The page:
Editor’s Letter: October 2014
By Janine Druery
By Janine Druery
I recently stumbled across a pile of photographs taken during a European backpacking adventure some 20 years ago.
I recently stumbled across a pile of photographs taken during a European backpacking adventure some 20 years ago. The snapshots were slightly grainy and faded (it was long before a 64GB mobile phone could do the job), but they were, for me, rife with nostalgia and rich with remembrance.
While there were many exquisite shots of European countries in the pile, I lingered over the shots of Paris – one of my very favourite places. For many people, Paris is the “City of Light” or the “City of Love.” But judging from the number of photos in which I am “avec baguette,” Paris was, for me, the “City of Bread.” Sure, places like the Musee d’Orsay or the Arc de Triomphe feature in my photos, but the mighty baguette definitely got its fair share of camera time.
I think that is because, while in Paris, I would head out each morning to a boulangerie with my friends and pick up a warm baguette or two. We would then make them part of our Parisian breakfast, with a bit of butter, jam and either some pain au chocolate or some strong coffee.
Sometimes we’d save them for later in the day when we’d make sandwiches and enjoy them with a glass of vino. And, let’s face it… sometimes we’d eat them straight out of the bag (as we know, a great baguette tastes wonderful au naturel).
Rumour has it that during the 1900s, the French ate almost three baguettes a day per person. While my friends and I never reached that kind of consumption, the baguette was our daily bread – and the ultimate symbol of French culture.
It seems fitting, then, that the main topic of this issue of Bakers Journal – my first as editor as I cover for Laura Aiken while she is on maternity leave – is about the beautiful baguette.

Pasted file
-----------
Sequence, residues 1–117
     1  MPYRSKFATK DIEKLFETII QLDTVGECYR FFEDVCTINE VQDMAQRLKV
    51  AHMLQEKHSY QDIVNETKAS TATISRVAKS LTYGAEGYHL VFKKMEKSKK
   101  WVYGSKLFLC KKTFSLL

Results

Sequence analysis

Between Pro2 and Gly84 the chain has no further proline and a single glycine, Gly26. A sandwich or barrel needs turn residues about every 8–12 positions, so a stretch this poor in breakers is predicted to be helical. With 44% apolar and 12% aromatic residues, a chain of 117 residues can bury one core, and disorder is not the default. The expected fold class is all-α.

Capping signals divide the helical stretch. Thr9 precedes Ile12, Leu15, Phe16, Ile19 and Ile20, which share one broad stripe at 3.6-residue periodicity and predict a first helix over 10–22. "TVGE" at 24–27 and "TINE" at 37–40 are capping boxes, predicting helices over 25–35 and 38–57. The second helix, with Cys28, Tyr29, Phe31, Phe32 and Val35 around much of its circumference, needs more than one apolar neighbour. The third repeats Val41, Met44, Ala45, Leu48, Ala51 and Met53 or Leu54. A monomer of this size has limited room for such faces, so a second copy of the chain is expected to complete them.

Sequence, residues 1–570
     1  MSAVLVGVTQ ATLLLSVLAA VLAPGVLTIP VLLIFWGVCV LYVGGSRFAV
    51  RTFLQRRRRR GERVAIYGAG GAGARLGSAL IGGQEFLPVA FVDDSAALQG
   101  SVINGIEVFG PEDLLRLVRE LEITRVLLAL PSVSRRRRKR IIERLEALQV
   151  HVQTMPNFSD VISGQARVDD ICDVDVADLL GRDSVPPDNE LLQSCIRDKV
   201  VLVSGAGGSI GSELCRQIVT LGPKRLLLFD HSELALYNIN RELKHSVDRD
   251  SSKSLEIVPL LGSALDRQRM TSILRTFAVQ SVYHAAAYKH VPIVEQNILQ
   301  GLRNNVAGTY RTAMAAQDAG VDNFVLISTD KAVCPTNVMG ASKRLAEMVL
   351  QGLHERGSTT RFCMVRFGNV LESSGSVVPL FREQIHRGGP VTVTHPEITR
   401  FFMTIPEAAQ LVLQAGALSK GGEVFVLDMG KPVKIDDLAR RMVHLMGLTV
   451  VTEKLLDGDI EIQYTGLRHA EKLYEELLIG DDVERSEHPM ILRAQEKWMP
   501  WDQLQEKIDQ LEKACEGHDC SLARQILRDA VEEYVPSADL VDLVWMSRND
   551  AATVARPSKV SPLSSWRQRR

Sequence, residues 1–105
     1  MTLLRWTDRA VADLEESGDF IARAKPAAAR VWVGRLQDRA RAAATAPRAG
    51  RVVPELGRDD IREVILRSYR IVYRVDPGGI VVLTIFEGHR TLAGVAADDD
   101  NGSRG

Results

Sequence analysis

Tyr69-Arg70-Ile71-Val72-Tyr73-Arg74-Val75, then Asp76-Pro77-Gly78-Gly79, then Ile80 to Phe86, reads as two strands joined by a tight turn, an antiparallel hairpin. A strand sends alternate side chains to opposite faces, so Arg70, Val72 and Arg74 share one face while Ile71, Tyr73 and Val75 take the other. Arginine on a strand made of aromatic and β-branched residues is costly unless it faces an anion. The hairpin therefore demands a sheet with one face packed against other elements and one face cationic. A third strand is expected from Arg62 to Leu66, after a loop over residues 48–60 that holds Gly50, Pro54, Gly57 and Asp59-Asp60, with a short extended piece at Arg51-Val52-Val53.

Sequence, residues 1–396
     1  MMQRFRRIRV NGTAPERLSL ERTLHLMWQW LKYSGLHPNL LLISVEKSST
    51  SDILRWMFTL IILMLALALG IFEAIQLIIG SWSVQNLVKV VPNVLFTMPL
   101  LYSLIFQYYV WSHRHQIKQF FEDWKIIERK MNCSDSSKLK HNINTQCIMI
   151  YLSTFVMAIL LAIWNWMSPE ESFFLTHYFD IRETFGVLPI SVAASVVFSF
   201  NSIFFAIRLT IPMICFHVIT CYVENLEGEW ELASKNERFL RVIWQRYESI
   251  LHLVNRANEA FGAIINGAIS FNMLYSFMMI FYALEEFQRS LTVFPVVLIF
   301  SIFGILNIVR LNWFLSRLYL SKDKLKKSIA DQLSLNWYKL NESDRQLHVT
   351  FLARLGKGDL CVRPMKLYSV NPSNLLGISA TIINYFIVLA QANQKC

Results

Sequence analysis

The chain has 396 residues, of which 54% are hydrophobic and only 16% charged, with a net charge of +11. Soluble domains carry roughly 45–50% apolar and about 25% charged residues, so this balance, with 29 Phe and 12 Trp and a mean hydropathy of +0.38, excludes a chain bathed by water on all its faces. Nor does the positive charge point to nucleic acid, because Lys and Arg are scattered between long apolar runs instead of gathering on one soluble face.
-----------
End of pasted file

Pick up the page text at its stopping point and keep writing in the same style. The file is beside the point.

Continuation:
In our cover story, called “The Perfect Baguette,” writer Julie Fitz-Gerald delves into what makes the ideal French baguette – from shaping to scoring to baking. The baguette may only include four simple ingredients, but making a great one is a challenge that can try the patience of the most skilled baker. But when it’s done properly, the baguette is beyond delicious. (Speaking of delicious, be sure to also check this issue’s profiles on the sweet successes of Chocklat and Bobbette & Belle).
Of course, I am no longer a young traveller with the ability to linger for hours in European cafés. I am back in the Great White North, I have a family, and life has ramped up to warp speed. But that hasn’t dampened my love of visiting the wonderful bakeries and patisseries in my city. I love stepping into the warm shops, breathing in the delicious aromas and choosing which treats I will buy to share with my family or friends.
Of course, with my new role at this publication, I have firmly decided to make those kinds of outings a lot more frequent – and more far-reaching. It’s all in the name of research, of course!
Do you make the perfect baguette? For that matter, do you make a delicious cupcake, divine croissant or wonderful macaron? I’d love to hear from you and find out about your business, find out what you’d like to read about in the magazine, and discuss “all things baking” as I immerse myself in this exciting industry. Feel free to get in touch with me at firstname.lastname@example.org./